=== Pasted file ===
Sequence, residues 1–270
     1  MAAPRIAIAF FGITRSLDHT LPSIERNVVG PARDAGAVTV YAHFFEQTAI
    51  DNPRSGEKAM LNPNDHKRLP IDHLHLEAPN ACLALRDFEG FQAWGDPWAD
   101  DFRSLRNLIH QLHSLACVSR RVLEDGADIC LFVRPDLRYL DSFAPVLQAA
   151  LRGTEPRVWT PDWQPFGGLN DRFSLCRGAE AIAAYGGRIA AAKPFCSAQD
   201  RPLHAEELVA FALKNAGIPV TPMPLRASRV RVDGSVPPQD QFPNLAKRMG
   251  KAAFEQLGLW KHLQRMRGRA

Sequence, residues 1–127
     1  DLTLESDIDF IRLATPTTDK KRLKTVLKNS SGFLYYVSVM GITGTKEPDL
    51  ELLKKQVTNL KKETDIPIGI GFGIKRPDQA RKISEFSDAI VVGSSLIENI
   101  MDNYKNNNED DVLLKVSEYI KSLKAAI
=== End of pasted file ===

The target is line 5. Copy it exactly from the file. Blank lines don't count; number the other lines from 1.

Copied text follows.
   151  LRGTEPRVWT PDWQPFGGLN DRFSLCRGAE AIAAYGGRIA AAKPFCSAQD